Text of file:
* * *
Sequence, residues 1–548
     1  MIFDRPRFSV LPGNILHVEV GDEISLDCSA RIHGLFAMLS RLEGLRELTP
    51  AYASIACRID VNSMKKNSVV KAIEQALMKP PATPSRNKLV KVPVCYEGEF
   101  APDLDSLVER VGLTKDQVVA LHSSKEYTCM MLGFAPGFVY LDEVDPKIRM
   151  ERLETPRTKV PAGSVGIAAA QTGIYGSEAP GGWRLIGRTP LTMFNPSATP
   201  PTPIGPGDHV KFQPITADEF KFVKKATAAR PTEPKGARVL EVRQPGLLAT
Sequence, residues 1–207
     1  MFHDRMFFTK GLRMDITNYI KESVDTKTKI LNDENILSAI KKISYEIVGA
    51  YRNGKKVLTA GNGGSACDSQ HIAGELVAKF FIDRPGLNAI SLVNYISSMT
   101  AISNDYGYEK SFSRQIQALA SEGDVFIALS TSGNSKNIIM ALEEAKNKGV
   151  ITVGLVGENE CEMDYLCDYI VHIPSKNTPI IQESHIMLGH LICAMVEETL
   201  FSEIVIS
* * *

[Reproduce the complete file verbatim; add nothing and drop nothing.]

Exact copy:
Sequence, residues 1–548
     1  MIFDRPRFSV LPGNILHVEV GDEISLDCSA RIHGLFAMLS RLEGLRELTP
    51  AYASIACRID VNSMKKNSVV KAIEQALMKP PATPSRNKLV KVPVCYEGEF
   101  APDLDSLVER VGLTKDQVVA LHSSKEYTCM MLGFAPGFVY LDEVDPKIRM
   151  ERLETPRTKV PAGSVGIAAA QTGIYGSEAP GGWRLIGRTP LTMFNPSATP
   201  PTPIGPGDHV KFQPITADEF KFVKKATAAR PTEPKGARVL EVRQPGLLAT
Sequence, residues 1–207
     1  MFHDRMFFTK GLRMDITNYI KESVDTKTKI LNDENILSAI KKISYEIVGA
    51  YRNGKKVLTA GNGGSACDSQ HIAGELVAKF FIDRPGLNAI SLVNYISSMT
   101  AISNDYGYEK SFSRQIQALA SEGDVFIALS TSGNSKNIIM ALEEAKNKGV
   151  ITVGLVGENE CEMDYLCDYI VHIPSKNTPI IQESHIMLGH LICAMVEETL
   201  FSEIVIS